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I've always had my blocks done with torque plates based on theory and the recommendation of others. It's good to have something validated instead of just theory. Good post Paul!
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Old 03-13-09, 08:24PM   #7
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BTW. video number 5 was the best one.
Hm rest was a lot of distortion and stuff in.
Now another stupid question from me, lets say one hav to do a ring gap( not sure that anybody cares to do that anymore ). Would it matter to do it with the torque plates on or am I just picky now?
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Old 03-13-09, 08:30PM   #8
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I measure the ring gaps on torque plated blocks by sliding the ring down a few inch's into the bore. This gets it beyond the distortion. As you can see, the torque plate bolted on makes the cylinder smaller in the top half. If you were to gap the rings at the top, then the ring gap would be about .003" smaller after the head was bolted on.
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Old 03-13-09, 08:34PM   #9
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Thanks Paul for your answers. Great that guys like you can post stuff like this.
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Old 03-14-09, 12:37AM   #10
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Just more proof that there are machine shops that know what their doing and others that don't. Regardless of make, horsepower level or anything else i personally believe that any engine should be machined the proper way or your just wasting your time and money. Who wants to wait 10,000 miles for rings to seal properly (if they decide to seal then) among the other issues it's going to cause. Better off just to do it the right way the first time.
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Old 03-14-09, 11:43AM   #11
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Good job, Paul. It does accurately illustrate, even the better blocks (Pontiacs) can gain some from proper "procedure".

It is commonly believed, because the bolt "boiss" isn't integral with the deck and cylinder (as they are in Chevy engines), there is no distortion. There is.

We use a deck plate on every "premium" engine we do (ALL Pontiacs are "premium" here). Because it takes more time, it costs a bit more and the cheapie-chugger Chevy boys don't want to ante up. They need it more than any other!

We don't use a boring bar, per se. We have diamond stones for the Sunnen hone. They remove material rapidly. So we "bore" the blocks with the hone. The plate is on the block from the beginning of the process until the end, when the "plateau" is completed.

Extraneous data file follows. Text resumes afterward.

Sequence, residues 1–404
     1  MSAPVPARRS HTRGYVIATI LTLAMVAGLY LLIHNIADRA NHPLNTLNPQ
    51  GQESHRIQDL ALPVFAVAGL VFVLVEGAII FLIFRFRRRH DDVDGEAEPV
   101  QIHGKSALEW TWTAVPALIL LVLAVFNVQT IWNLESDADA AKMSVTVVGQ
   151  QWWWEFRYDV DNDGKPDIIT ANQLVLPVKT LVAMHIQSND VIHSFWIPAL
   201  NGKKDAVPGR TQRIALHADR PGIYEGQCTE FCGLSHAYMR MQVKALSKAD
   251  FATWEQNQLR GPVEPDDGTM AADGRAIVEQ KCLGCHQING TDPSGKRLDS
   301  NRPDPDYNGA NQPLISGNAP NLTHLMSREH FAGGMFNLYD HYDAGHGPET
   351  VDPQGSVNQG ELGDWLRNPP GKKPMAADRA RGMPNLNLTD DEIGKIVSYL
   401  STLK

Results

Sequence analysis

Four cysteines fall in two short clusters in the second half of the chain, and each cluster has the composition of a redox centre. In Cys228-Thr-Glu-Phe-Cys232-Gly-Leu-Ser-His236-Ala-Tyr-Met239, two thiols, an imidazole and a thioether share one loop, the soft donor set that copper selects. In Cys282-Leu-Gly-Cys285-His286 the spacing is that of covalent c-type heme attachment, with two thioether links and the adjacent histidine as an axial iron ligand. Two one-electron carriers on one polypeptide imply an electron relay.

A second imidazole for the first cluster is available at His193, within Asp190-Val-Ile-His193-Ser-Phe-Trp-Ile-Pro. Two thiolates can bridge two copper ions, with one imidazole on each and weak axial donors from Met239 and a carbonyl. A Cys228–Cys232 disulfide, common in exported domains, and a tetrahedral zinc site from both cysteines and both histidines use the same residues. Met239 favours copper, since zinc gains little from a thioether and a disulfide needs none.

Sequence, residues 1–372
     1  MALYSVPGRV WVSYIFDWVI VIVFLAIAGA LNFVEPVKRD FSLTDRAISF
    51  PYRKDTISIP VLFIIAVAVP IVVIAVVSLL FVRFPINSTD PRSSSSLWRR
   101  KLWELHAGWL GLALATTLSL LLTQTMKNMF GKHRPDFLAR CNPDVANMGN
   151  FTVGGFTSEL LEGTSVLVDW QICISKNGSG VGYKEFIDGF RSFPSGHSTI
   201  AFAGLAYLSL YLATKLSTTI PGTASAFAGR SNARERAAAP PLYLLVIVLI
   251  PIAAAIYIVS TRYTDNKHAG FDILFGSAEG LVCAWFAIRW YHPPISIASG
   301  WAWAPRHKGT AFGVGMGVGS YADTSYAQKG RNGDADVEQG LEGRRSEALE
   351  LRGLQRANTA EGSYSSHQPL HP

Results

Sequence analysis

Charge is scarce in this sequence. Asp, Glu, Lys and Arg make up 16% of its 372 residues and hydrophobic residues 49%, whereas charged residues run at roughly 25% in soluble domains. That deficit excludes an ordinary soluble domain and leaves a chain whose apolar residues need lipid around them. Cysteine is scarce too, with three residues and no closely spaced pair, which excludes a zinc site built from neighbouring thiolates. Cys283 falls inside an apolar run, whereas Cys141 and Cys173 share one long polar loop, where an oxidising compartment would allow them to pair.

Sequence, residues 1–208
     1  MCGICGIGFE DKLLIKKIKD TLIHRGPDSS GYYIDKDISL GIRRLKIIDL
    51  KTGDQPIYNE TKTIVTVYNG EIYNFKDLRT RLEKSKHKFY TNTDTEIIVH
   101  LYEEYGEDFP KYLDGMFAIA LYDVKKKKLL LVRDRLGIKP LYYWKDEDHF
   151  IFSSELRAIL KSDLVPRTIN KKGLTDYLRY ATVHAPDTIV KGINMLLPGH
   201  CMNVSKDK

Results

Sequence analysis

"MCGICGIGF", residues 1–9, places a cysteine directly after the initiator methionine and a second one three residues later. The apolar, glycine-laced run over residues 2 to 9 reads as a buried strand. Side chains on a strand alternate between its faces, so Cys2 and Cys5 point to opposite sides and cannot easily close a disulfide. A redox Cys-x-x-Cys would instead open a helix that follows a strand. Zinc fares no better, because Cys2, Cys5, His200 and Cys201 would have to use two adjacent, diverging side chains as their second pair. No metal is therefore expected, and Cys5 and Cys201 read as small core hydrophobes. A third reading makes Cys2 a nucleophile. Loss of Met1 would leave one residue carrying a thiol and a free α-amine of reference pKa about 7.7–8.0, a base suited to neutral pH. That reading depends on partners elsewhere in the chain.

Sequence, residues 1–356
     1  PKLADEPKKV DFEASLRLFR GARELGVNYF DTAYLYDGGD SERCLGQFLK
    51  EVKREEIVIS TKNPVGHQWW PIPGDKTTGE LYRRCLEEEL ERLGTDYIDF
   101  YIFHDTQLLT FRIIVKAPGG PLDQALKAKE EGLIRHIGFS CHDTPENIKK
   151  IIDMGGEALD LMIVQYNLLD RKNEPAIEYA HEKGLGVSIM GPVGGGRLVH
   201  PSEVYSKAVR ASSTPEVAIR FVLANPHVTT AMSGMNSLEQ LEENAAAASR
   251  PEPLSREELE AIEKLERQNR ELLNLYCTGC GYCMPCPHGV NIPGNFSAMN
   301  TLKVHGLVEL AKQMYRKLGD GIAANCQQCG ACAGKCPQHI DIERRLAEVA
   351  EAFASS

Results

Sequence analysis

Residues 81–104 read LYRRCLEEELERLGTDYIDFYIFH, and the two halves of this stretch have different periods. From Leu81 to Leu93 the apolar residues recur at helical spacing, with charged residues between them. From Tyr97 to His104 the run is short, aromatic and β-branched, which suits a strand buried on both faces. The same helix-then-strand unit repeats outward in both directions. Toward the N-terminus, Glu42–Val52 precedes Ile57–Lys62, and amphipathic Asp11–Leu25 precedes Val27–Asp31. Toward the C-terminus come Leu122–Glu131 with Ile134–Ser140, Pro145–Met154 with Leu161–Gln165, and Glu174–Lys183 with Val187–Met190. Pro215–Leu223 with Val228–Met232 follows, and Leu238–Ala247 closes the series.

Jim
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Old 03-14-09, 12:59PM   #12
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Quote:
Originally Posted by Mr. PBody View Post
Good job, Paul. It does accurately illustrate, even the better blocks (Pontiacs) can gain some from proper "procedure".

It is commonly believed, because the bolt "boiss" isn't integral with the deck and cylinder (as they are in Chevy engines), there is no distortion. There is.

We use a deck plate on every "premium" engine we do (ALL Pontiacs are "premium" here). Because it takes more time, it costs a bit more and the cheapie-chugger Chevy boys don't want to ante up. They need it more than any other!

We don't use a boring bar, per se. We have diamond stones for the Sunnen hone. They remove material rapidly. So we "bore" the blocks with the hone. The plate is on the block from the beginning of the process until the end, when the "plateau" is completed.

Jim
Same here Jim! We torque plate about 98% of all blocks we do. We have torque plates for just about anything. Big bore Pontiacs, small bore Pontiacs, 400 Chevy, 350 Chevy, BB Chevy, FE Ford, BB Ford, SB Ford, 4.6L/5.4L Fords, BB Chrysler, SB Chrysler, V-6 Chevy, V-6 Mazda, 2300 Ford, New Dodge Hemi's, Toyota 4AG, Toyota 22R, 2.0L Mazda, Hell, we even have a torque plate for an Aston-Martin 5.3L[326 cid] V-8! I'm sure I forgot a couple also. We have access to even more torque plates that we don't have. We even have cylinder head torque plates for 2.0L Mazda and SB Chevy! All these engines distort from torque plates and all could use them. Let's face it, at $300-$400 a pop, if they didn't help, we wouldn't have so many. Some of them we even have 2 of for setting sleeves in aluminum blocks.

I wish we had the Sunnen Diamond hone, but we don't. We still use stones. If a block has .020" or less to go, we just hone them out. If we do bore, we always leave an absolute minimum of .010" left to hone but usually shoot for .012"-.015". Those diamond deals are pretty slick. Would like to get one someday!